The Guardian’s greatest strength, its .02 micron pore size, is sometimes its greatest weakness if you need to filter water that has very fine suspended silt in it, because it can clog the filter element and make pumping water through it impossible. I haven’t experienced this myself because we have very clean water where I hike, but I’ve read about it occurring elsewhere. If silt is an issue in your water supply, the best solution is to collect water in a separate container and let it sit for a while so that the silt settles out. You would need to do this regardless of the purification method you use because silt makes it harder to purify water with UV or chemicals. Another option is to filter the water using a water filter that has a larger pore size like the MSR MiniWorks EX, and then use UV or chemical purification to kill off the virus pathogens in the water in a second purification step.


Most hollow fiber tube water filters (like the Guardian) are damaged if they freeze and should be replaced. The Guardian can be frozen but must be completely re-thawed before use. If you do accidentally freeze it, it’s best to perform the simple purifier integrity test specified in the Guardian manual, before you resume using the filter. This test can be performed in the field, provided you have a clear wide-mouth bottle with you.

The base of the Guardian screws on to wide mouth bottles, but you can also run a hose to a small neck bottle if that's what you use
The base of the Guardian screws on to wide mouth bottles, but you can also run a hose to a small neck bottle if that’s what you use

Comparable Pump Water Filters and Purifiers

Make / ModelWeightPore SizeFilter MediaFilter LifePriceReplacement Filter
MSR MiniWorks EX17 oz0.2 micronCeramic2000L$85$40
MSR Guardian17.3 oz0.02 micronsHollow fiber10000L$350$180
MSR HyperFlow7.8 oz0.2 micronHollow fiber1000L$100$40
Katadyn Hiker11 oz0.2 micronGlass Fiber750L$75$50
Katadyn Hiker Pro11 oz0.2 micronGlass Fiber750L$85$50
Katadyn Vario16 oz0.2 micronCeramic, Glass Fiber2000L$95$45
Katadyn Pocket19 oz0.2 micronCeramic50000L$370NA
General Ecology First Need16 oz0.4 micronGlass fiber680L$109$50


The MSR Guardian is the most sophisticated and effective water purifier available today. Self-cleaning, it has a high flow rate and generates remarkably good tasting water. While it is an excellent tool for backcountry use and international travel to countries with suspect water, it’s also quite a nice product to have on hand for emergency preparedness at home, especially if you live an area prone to flooding or other natural disasters. If you like great tasting water and don’t want to wait for it, the Guardian is a safe way to get it.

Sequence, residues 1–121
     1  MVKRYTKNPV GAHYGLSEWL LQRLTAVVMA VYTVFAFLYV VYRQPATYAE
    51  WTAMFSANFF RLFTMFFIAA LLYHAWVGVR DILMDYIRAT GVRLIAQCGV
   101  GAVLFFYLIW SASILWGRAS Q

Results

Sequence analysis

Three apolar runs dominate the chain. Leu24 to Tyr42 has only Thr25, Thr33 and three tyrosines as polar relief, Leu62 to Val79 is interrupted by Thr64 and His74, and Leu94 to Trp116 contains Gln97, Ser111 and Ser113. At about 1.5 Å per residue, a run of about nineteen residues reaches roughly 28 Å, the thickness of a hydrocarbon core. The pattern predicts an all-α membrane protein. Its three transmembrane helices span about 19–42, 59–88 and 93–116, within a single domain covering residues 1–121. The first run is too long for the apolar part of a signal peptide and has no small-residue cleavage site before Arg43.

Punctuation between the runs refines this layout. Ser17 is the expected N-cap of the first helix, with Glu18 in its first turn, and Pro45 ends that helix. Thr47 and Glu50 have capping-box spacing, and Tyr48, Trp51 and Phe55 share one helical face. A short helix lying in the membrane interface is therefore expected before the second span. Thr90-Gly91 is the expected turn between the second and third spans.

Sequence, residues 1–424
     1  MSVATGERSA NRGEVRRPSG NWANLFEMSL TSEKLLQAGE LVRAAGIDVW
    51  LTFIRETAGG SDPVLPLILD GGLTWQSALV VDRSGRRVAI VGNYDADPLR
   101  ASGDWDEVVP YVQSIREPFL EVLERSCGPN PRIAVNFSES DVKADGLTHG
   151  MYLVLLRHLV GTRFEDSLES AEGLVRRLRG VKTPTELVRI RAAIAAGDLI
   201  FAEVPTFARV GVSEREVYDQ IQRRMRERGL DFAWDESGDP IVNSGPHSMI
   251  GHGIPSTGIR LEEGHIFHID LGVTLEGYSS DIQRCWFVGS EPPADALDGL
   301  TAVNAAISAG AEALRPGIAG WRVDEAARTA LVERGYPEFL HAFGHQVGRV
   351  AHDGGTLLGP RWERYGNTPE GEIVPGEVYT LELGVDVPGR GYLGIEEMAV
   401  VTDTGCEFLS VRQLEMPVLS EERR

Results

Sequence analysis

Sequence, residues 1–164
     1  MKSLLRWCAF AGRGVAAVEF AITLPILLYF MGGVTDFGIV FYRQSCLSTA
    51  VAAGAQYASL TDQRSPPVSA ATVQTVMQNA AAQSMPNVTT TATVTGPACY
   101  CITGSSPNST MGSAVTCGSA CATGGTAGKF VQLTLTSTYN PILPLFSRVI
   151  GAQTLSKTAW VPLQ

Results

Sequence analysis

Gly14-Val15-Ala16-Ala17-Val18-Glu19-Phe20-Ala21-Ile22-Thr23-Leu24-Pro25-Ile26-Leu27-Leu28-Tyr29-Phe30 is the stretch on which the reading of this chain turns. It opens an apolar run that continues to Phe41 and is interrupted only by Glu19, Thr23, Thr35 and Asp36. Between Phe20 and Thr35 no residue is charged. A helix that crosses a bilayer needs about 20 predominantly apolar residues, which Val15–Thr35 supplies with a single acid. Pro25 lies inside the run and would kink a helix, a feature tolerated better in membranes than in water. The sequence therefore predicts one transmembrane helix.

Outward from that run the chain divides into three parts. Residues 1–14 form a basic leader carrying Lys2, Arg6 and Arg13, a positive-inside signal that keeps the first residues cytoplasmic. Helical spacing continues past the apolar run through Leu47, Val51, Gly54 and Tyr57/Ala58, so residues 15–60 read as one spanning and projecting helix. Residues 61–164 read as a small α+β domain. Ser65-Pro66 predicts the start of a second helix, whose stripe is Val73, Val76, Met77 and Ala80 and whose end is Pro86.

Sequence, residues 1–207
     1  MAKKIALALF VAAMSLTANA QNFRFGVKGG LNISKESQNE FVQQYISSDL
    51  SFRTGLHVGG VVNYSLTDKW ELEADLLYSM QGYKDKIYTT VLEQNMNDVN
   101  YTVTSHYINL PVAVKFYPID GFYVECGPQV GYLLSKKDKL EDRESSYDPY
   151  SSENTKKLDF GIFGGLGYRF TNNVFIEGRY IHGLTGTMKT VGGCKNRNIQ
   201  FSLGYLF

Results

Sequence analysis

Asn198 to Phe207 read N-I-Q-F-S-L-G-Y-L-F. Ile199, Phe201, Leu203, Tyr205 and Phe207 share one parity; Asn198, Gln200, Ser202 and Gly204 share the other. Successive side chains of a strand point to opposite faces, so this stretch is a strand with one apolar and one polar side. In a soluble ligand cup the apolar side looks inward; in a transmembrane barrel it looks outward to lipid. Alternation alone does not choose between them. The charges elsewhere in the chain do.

• Self-cleaning
  • Removes viruses as well as bacteria and protozoa
  • Compatible with wide-mouth Nalgene-style bottles and reservoirs
  • Pre-filter helps minimize silt and suspended solids before they reach the filter
  • Replaceable Filter
  • Field Maintainable
  • Easy to maintain and store when not in the field


  • Heavier than other alternatives
  • Still have to carry a wet hose after filtering
  • No adaptors/hose provided for narrow-necked bottles or reservoirs

Disclosure: MSR provided the author with a Guardian for this review.

Editor's note: Help support this site by making your next gear purchase through one of the links above. Click a link, buy what you need, and the seller will contribute a portion of the purchase price to support SectionHiker's unsponsored gear reviews, articles, and hiking guides.

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  1. The MSR Guardian seems like a well designed piece of equipment that offers features few if any other treatment options can match. However under dislikes, I would add that it is quite expensive. If you need to purify could carry a Sawyer Squeeze and Steripen both and still save half a pound and a few hundred dollars.